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Continuum models of kinetic many-particle systems with short-range interactions and clustering

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FKT - Frontiers in kinetic theory: connecting microscopic to macroscopic scales - KineCon 2022

Models of physical systems as sets of particles interacting through generalised `forces’ are common to a wide variety of sciences. While individual-based (microscopic) models of such systems are generally conceptually simple, they are often intractable analytically and computationally as most systems to be modelled contain an infeasibly large number of particles. It is common in such circumstances to derive a macroscopic continuum model, which tracks the evolution of population-averaged probability densities over an individual particle’s phase space. In this talk we will develop a general method for deriving continuum models of second-order (kinetic) systems with short-ranged interaction forces using matched asymptotic expansion in the small interaction-length parameter. As an archetypical example, we first show that this approach allows us to derive the Boltzmann equation as a continuum description of a low-density potential-force system. We then extend our method to apply to `clustering’ systems, where particles’ positions and velocities may be highly correlated post-interaction, a behaviour that would invalidate many of the typical assumptions made when deriving such continuum models. We use the Cucker-Smale individual-based model of collective behaviour as a test case to evaluate our matched asymptotic method against particle simulations and compare the accuracy to a standard mean-field approach.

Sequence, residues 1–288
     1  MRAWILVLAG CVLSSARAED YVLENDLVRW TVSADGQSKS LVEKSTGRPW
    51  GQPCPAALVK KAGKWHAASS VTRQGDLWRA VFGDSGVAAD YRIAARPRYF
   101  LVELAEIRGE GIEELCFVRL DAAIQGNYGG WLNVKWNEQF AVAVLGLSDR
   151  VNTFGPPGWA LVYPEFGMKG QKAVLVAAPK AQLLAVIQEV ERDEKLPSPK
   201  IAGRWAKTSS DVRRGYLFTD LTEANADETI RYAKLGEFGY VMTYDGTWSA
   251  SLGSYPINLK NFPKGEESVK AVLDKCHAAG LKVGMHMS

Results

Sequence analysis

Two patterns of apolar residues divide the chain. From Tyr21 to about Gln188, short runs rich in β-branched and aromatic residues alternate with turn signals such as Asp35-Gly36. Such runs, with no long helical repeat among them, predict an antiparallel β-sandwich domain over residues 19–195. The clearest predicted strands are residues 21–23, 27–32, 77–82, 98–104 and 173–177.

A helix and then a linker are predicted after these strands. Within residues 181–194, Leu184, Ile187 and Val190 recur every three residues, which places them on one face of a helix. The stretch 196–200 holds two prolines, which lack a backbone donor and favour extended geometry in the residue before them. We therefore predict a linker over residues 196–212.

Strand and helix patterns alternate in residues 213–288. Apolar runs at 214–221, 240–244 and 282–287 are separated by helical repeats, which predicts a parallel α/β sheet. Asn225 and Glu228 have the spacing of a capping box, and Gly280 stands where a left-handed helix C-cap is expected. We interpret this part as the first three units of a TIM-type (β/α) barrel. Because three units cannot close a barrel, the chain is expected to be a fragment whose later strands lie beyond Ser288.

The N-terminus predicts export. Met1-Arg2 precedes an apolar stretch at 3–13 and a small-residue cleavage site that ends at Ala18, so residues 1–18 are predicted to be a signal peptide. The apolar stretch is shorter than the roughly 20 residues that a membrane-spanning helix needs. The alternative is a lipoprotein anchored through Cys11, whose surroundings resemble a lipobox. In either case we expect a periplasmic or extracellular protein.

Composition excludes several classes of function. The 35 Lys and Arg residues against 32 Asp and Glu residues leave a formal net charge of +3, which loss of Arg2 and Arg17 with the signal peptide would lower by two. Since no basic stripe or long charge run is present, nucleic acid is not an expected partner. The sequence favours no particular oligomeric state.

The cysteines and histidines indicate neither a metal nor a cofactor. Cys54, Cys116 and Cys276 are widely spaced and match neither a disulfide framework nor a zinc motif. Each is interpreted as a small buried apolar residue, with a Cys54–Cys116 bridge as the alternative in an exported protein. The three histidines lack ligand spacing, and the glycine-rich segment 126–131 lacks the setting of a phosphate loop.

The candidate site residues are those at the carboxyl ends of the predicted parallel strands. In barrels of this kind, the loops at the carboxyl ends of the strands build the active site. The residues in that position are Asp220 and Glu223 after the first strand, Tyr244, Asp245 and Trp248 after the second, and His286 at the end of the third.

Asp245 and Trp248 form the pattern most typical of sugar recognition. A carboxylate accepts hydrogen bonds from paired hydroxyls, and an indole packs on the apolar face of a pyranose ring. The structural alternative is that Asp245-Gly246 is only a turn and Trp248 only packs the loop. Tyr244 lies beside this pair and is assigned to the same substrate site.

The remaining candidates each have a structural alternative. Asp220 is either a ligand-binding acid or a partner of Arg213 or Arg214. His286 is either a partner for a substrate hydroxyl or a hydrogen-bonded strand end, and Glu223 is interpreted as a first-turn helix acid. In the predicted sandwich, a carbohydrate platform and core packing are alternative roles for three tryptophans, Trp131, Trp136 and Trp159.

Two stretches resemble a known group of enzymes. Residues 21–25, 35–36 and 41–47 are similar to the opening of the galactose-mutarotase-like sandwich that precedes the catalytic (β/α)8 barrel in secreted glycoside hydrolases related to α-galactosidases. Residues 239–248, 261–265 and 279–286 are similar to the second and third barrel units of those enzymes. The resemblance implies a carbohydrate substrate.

This talk is part of the Isaac Newton Institute Seminar Series series.

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